The Alexander Technique and Mental Health by Bridget Malcolm

It’s about Control, Choice, Change and Consent
ApplicationMany people are aware of the value of the Alexander Technique in helping sufferers with back and posture problems, muscle aches and pains, headaches and stress. It is also used by musicians, actors and by sportsmen and women to help with performance and has proved invaluable for women in pregnancy and childbirth.

Not so much is written about the benefits of this wonderful technique in the field of mental health.

In an Alexander lesson or class, students are taught to become aware of how they undertake daily activities such as standing, sitting or walking and to notice where they are holding unnecessary tension. By learning to pause and then become aware of their unhelpful holding patterns, students can then be taught how to release and let them go simply by changing the way they think. The Alexander Technique is not a therapy which is done to people, rather a self-help tool which students are taught to apply for themselves. Thus students are taught to engage fully in the process of learning, to take responsibility, exercise choice and give or withhold consent for the teacher to work with them i.e. they learn new skills about how to take more care of themselves and make their own decisions about the pace at which they wish to learn.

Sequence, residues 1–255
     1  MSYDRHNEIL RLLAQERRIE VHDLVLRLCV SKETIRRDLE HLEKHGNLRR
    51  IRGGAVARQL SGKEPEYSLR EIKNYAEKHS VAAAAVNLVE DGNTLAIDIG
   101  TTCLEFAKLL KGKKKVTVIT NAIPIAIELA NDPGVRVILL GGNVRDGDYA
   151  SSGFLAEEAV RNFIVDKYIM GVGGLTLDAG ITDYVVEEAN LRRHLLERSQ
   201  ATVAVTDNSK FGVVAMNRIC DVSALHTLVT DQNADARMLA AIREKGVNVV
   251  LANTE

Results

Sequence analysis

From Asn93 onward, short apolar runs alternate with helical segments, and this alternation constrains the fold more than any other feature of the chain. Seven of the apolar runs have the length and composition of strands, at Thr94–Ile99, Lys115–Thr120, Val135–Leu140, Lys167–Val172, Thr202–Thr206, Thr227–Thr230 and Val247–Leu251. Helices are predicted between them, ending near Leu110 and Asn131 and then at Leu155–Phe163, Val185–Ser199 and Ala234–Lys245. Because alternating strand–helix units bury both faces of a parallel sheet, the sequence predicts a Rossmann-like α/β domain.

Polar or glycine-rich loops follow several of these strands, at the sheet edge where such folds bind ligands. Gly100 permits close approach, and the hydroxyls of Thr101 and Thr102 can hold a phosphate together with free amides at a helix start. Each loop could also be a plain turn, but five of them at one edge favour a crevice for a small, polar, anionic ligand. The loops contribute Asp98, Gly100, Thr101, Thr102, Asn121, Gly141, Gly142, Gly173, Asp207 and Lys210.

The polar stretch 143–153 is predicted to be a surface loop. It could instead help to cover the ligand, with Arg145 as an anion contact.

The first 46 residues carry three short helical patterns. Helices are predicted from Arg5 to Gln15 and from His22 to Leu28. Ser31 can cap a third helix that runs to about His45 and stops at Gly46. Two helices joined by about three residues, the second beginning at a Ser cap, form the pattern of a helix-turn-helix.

Underpinning the Alexander Technique is the concept of psycho-physical unity i.e. that mind, body, emotions – and some would say “spirit” – are all integrally linked. Thus when people “let go” of unwanted tension in their muscles they may also let go of the emotions trapped in them. Whilst not a therapy as such, people often feel a sense of well-being and relaxation following an Alexander lesson as well as being able to move more freely. Thus the Alexander Technique can, and does, have a therapeutic, and in some cases, cathartic, effect.

Since the Alexander Technique teaches people to be more “present” and “in the moment”, it helps them to become aware, not just of how they habitually use their bodies, but of the behavioural habits they use to respond to the day-to-day stimuli of life. Students then have the choice whether or not they wish to change these habits, and to think about things in a different way, thus giving them a greater feeling of control over their lives. Additionally, by learning to be more “present” in themselves, students learn to become gradually more self-accepting whilst admitting of the possibilities of change – if they so choose.

As an Alexander teacher, I use gentle hands-on guidance, verbal explanation and feedback to help people find greater ease, freedom, control and choice in their everyday lives. By enabling students to connect more to, and take ownership, in an holistic way of their physical, mental, emotional and spiritual selves, the Alexander Technique enables people to be truly free.

Bridget Malcolm works at the Oxford Practice in Malmesbury.

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